Self-driving car industry warned it must go slowly after fatal US crash
The Chinese owner of Volvo has said that the autonomous driving industry should move forward prudently after a fatal accident in the US that has rekindled a debate about safety.
Li Shufu, the head of Zhejiang Geely Holding Group said at an event in Beijing it was important for carmakers and governments to look at regulations and what sort of standards were needed to keep people safe.
"One accident can kill the whole industry... So we must move with caution," Li, who took a $9bn (€7.2bn) stake in German carmaker Daimler last month, said at a Volvo-sponsored event on connected and automated cars.
He said excessive haste would backfire, and that a single accident could delay progress by as much as a year. "The accident reminds us that no matter how fast we develop, safety is the number one priority," he said. "If safety cannot be guaranteed, no automated cars (should be allowed)."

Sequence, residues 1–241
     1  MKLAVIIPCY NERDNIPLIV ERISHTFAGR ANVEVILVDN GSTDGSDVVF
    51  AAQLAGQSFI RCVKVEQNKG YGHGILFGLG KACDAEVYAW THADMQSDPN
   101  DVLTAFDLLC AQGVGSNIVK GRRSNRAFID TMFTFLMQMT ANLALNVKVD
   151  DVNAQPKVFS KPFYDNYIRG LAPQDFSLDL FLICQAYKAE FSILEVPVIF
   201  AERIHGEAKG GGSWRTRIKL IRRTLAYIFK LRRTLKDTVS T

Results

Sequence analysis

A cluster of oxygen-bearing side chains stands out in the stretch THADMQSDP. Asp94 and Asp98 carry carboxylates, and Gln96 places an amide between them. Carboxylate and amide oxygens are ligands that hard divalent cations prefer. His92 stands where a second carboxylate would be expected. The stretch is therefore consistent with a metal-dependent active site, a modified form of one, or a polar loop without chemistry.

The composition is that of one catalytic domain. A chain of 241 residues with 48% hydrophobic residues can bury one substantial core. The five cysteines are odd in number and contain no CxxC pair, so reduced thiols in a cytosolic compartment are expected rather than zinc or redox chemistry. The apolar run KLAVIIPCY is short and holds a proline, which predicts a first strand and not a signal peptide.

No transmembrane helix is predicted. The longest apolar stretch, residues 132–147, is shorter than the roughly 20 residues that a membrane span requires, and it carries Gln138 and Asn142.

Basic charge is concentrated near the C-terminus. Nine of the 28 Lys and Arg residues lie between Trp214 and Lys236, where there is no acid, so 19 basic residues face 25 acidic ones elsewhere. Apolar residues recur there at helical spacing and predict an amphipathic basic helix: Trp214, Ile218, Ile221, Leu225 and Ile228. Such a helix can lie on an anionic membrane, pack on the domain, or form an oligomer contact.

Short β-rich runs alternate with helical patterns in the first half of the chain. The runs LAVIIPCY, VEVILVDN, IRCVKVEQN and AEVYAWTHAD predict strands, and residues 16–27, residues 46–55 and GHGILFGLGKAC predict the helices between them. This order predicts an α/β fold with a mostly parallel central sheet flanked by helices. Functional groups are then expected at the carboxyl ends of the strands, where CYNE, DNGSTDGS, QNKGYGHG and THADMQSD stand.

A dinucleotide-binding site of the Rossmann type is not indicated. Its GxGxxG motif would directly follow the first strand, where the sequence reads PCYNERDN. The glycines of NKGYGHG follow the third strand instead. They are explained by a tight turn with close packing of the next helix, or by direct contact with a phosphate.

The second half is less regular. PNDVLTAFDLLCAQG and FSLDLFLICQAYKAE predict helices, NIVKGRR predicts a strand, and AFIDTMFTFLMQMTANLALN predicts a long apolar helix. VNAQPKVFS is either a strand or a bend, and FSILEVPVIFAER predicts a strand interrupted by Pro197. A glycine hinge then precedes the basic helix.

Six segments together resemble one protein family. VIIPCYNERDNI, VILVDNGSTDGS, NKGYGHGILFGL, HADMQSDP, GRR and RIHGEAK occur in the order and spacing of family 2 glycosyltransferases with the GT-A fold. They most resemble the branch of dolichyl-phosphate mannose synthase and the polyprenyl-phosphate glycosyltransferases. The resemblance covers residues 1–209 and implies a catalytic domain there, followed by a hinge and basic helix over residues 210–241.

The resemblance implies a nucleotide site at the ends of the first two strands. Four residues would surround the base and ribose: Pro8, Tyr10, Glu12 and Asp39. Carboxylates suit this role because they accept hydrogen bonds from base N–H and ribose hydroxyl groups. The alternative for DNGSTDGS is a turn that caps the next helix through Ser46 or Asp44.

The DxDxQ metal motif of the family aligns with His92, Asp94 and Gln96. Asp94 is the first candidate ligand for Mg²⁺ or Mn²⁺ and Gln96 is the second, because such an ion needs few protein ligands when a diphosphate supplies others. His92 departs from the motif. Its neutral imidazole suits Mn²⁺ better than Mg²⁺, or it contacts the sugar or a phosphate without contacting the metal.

The comments come as the global industry reels from a fatal accident in Tempe, Arizona, involving an Uber self-driving car - the first death attributed to a self-driving car operating in autonomous mode.
Uber has suspended North American tests of its autonomous vehicles after the fatal collision on March 18. Its partner, chipmaker Nvidia Corp, said this week it has also suspended self-driving tests across the globe.
The accident has ramped up pressure on the industry to prove its software and sensors are safe.
Volvo Cars CEO Hakan Samuelsson said accidents were unfortunate and the industry had to move carefully, but that "saying no to technology would be the wrong answer" given human error was also a big factor in many collisions.
"Technology is still the most promising answer to reducing (accidents)," he said at the event in Beijing.
In China, official support for driverless technology remains strong. The government gave its consent to internet firm Baidu to test self-driving cars on city streets just days after the fatal accident in the United States.
Baidu, which has a self-driving project dubbed Apollo, is leading China's push in driverless technology, with the government keen to keep up with global rivals such as Tesla and Waymo, the self-driving arm of Google parent Alphabet. (Reuters)